This is an interesting idea, but not sure if they examples quite hold up.

The reason why it makes sense for Rolls Royce from an economic perspective to sell the service of its engines rather than the engines themselves, is that its a highly specialised product that requires maintenance and care. Neglecting this will literally cost lives, while employing mechanics in-house to maintain the entire fleet will be expensive and more difficult to manage for the airline.

Markets reward efficiency and, in this case, selling the service is the more efficient model - and one that is quite common in B2B.

A similar model is much harder to replicate for consumer commodities such as a fridge or a smartphone that are relatively inexpensive to acquire. And the inconvenience of having to make do with a loan phone while yours is in repair plus the hassle of getting a broken item to repair and sending it back once done hardly seems worth it for either the company or the consumer.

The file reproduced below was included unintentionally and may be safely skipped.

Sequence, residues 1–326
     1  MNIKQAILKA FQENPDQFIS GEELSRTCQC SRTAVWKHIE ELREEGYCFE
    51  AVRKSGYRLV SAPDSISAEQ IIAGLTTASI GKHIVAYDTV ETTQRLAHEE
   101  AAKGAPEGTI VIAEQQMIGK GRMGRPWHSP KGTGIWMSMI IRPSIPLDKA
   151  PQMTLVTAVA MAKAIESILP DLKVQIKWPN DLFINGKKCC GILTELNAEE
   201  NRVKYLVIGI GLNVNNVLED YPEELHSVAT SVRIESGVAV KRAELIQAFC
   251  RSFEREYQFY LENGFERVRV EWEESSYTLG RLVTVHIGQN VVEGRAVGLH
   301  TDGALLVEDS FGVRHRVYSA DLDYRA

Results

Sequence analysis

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german expat in Australia | writes about climate change, marketing, books & big ideas | head of strategy at brandchemistry.com.au | editor at Climate Conscious

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Andrea Hoymann

Andrea Hoymann

german expat in Australia | writes about climate change, marketing, books & big ideas | head of strategy at brandchemistry.com.au | editor at Climate Conscious

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